Australia's world-conquering musical export AC/DC may play a role in global politics at this week's G20 meeting in London. The band is being blamed by the former Czech prime minister Mirek Topolanek for influencing an ill-timed comment he made about Barack Obama's plan to tackle the global economic crisis. Topolanek, who was forced to resign last week after losing a no-confidence vote, was heavily criticised for saying the US plan was "a road to hell" - potentially souring EU-US relations at the summit. Czech media reported Topolanek told a TV program afterwards: "AC/DC played in Prague last week. And their cult song Highway To Hell may have prompted me to use 'road to hell'."A BIG DAY FOR JULIA GILLARD
WITH the boss out of the country, and after taking a grilling on morning television over the Joel Fitzgibbon affair, the acting Prime Minister, Julia Gillard, spent part of yesterday hobnobbing with the likes of James and Erica Packer at the Melbourne Grand Prix. Others trackside included the Virgin boss, Richard Branson, the singer-actor Dannii Minogue and the singer Leo Sayer. But Delta Goodrem was a mystery no-show, reportedly pulling out of her national anthem duties because of a sore throat.WHAT'S ON TODAY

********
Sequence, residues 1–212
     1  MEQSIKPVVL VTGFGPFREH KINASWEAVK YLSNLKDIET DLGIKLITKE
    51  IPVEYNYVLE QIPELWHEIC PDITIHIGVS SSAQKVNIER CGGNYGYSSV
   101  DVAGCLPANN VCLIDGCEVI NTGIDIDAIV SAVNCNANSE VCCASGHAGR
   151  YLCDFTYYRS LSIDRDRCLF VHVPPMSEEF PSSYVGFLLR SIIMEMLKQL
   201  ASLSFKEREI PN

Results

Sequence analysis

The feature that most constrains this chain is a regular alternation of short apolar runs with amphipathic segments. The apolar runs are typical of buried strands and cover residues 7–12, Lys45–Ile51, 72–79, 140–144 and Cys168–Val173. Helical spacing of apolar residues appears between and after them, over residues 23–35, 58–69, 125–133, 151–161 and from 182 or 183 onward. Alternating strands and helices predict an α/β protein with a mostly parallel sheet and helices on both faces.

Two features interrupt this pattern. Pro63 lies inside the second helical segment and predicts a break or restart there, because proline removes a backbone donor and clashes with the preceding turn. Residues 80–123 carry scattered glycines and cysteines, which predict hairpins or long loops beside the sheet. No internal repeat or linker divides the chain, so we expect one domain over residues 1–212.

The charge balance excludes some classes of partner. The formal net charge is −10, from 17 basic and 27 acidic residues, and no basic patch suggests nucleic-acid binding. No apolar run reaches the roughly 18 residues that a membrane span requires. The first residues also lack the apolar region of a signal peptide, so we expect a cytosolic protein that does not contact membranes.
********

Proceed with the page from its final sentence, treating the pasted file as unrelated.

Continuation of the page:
* Logie nominations announced in Sydney
* High Court to deliberate on challenge to $900 tax bonus
* National broadband network inquiry due to report in Canberra
* Snow Patrol perform in Sydney
* State Government to release its response to the Garling report into NSW's health systemSTAY IN TOUCH ...
WITH HORSE FLESH
THE Easter racing carnival starts this weekend with 600 guests at a cocktail party and a parade of horse flesh at the Inglis-owned Newmarket at Randwick on Thursday. This will be followed on Sunday by the annual Inglis Australian Easter yearling sales. Despite the economic crisis, horse-traders are trumpeting strong international interest.